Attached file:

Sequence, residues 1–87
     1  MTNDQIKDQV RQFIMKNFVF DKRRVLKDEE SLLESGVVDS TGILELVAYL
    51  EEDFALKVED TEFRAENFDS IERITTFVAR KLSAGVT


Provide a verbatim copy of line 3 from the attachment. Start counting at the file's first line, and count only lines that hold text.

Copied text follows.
    51  EEDFALKVED TEFRAENFDS IERITTFVAR KLSAGVT